by Katie Jickling vtdigger.org Hours after President Barack Obama announced that armed troops will not return to combat in Iraq, former Secretary of State Condoleezza Rice called for a continued military presence in Iraq and Afghanistan from a stage at Norwich University. Rice talked about leadership, democracy, disruption and a range of international affairs issues in her address to an audience of 3,000 at Norwich on Thursday. Protesters disrupted the speech seconds after Rice came to the podium. Individuals dispersed throughout the audience stood up and yelled. One protester shouted “war criminal” as he was escorted from the room. Some members of the crowd booed the protesters.
Former US Secretary of State Condoleezza Rice in a screen shot from the Norwich University live stream.
“How incredible it is to live in a country where we defend people’s rights … including the right to be loud and disruptive and noisy,” Rice said to applause, as campus and contracted security officers removed the protesters from building. The protesters, about eight in all, according to Norwich’s Chief Administrative Officer David Magida, were escorted outside and driven to their vehicles.
About 20 people protested the appearance of former US Secretary of State Condoleezza Rice on Thursday at Norwich University in Northfield. Photo by Katie Jickling/VTDigger
“I think they were pretty organized,” said Magida, adding that he did not know who organized the demonstration. No arrests were made.
Rice is the 66th speaker for the university’s Todd Lecture Series, and the keynote speaker for the residency week for the online College of Graduate and Continuing Studies. About 529 students from nine departments attended the lecture.
Rice, a professor of political science at Stanford University, served as Secretary of State under President George W. Bush from 2005 to 2008. She was the second woman and first African-American woman to hold the position. She also served as Bush’s National Security Advisor during his first term in office.
A strong supporter of the Iraq War in 2003, Rice noted the importance of recognizing the “serious problem we’ve got right now” with the Iraqi militant group Islamic State of Iraq and Syria. Looking back over her decisions as secretary of state, she said she would have focused American military intervention on the tribes and provinces of Iraq, rather than within Baghdad.
Nevertheless, Rice added, she supports an ongoing American counter-terrorism effort, which could include the use of drones.
“We do not want these people in charge of a swath of land the size of Indiana,” she said.
Rice used the conference theme of “leadership in action” to talk about the necessity of authoritative and visionary direction, for individuals and the nation.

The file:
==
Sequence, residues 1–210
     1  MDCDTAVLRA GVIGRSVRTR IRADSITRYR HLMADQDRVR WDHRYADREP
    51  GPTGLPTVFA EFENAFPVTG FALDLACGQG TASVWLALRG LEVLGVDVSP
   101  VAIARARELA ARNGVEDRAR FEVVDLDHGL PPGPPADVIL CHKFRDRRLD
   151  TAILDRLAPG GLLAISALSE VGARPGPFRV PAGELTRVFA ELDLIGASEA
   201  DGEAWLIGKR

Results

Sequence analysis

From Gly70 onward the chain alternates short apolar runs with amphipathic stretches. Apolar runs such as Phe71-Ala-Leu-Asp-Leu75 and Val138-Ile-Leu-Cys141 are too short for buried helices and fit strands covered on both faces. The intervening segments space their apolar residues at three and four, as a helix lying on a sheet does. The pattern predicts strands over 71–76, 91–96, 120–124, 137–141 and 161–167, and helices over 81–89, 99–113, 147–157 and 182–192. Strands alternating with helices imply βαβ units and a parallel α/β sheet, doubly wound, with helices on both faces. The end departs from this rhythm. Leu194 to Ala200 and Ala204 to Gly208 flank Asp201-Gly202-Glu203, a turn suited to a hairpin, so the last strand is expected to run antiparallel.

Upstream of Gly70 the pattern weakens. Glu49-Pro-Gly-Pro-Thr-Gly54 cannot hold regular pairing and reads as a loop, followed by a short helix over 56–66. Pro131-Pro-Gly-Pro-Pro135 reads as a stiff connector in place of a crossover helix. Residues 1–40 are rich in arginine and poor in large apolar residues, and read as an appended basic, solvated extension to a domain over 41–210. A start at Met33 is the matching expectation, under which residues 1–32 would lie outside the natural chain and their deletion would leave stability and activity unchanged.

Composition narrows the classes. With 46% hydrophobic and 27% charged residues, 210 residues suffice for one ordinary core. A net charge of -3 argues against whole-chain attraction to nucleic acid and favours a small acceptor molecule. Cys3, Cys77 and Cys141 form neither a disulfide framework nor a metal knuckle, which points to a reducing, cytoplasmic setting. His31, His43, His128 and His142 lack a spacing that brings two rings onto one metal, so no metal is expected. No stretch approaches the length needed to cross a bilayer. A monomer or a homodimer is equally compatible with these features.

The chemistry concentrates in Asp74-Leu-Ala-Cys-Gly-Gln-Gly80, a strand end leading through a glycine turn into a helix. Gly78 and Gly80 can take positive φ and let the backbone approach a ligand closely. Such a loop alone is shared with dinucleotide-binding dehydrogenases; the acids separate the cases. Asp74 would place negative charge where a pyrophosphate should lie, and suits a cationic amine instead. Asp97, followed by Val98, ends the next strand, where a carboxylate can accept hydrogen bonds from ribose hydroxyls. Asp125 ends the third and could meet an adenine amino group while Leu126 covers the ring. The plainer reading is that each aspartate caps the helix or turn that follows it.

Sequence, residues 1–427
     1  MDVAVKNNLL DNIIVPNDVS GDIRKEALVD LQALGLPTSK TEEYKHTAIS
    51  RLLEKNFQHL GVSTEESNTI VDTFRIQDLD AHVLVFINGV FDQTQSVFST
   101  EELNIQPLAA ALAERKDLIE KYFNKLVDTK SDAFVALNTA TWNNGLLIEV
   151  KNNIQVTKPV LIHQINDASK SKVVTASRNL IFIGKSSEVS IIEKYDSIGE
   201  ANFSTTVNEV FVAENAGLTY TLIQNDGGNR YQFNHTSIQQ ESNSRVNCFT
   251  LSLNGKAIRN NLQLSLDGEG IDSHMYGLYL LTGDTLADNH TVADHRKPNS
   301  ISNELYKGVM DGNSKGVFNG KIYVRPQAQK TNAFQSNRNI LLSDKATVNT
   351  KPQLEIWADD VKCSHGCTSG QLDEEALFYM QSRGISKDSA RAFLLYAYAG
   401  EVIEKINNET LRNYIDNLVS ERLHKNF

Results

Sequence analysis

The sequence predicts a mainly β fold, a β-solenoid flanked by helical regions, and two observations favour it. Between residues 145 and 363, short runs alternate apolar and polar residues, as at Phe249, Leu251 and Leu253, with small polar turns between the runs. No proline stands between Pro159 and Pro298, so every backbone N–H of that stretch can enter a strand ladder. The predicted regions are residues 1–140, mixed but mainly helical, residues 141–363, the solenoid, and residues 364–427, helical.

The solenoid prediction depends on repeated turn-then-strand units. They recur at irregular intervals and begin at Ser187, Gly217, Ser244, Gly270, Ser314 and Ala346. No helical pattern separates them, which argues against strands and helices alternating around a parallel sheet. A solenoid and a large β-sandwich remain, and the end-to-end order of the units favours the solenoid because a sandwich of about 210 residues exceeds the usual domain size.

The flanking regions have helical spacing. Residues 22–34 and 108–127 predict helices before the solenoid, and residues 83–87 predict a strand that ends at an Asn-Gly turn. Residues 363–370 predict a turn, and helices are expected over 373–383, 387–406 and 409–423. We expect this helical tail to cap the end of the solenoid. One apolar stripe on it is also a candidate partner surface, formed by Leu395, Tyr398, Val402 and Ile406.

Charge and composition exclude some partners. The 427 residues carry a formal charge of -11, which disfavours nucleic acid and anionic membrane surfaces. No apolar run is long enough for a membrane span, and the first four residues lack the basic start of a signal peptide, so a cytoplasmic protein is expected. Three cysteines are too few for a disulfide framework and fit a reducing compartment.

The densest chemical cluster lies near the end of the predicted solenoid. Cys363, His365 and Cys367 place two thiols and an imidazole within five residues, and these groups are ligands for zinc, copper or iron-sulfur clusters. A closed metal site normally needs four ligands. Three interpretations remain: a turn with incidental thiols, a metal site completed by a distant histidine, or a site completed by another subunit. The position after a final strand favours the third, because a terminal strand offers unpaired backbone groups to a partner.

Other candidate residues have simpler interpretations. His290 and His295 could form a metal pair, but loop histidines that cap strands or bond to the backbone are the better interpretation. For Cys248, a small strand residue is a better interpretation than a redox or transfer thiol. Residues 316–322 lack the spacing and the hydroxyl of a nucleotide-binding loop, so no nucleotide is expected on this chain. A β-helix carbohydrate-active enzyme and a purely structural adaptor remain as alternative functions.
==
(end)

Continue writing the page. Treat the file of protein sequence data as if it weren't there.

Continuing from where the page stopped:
“Of course the United States has to lead, the United States has to step up — why? Yes, because we’re the most powerful country in the world, because we have the most powerful military, the most powerful economy. But also because we represent an idea,” Rice said.
She spoke of the need for leaders to have integrity, optimism and to surround themselves with “truth-tellers.”
“I think that leaders are grown, not born,” she said.
Norwich established a designated protest zone for the event — on the other side of the campus.
Magida said about 20 protesters peacefully picketed within the designated zone.
At the Norwich entrance, Hinesburg resident Karl Novak held a sign reading “No War for Empire.” Novak said he’s a member of Veterans for Peace.
“The only people it (war) benefits is the corporations,” he said.
Rice alluded to the disruptions throughout her speech, embracing them as an essential part of the messy democratic process.
“We, more than anyone else, we need to be patient with the people who started the journey (of democracy),” she said. “Democracy is constantly reworked and under repair.”
Dr Rice speaks at Norwich University June 19, 2014. Photo by Tricia Sulva, Vermont Business Magazine.
Rice covered a range of foreign affairs topics, including development in Africa, the Arab Spring, and the “governance crisis” in China. “When people are seizing their rights instead of being handed them, it is disruptive and it is chaotic,” she said.
At points, her address took on a lighter tone, drawing applause and laughter.
Last fall, Rice explained, she was selected to the College Football Playoff Committee. The only child of a football and basketball coach, Rice described her father’s hope that he have son who would be an All-American linebacker.
Her father died in 2000, but Rice added with a laugh, “I think he finally actually thinks I’ve gotten an important job.”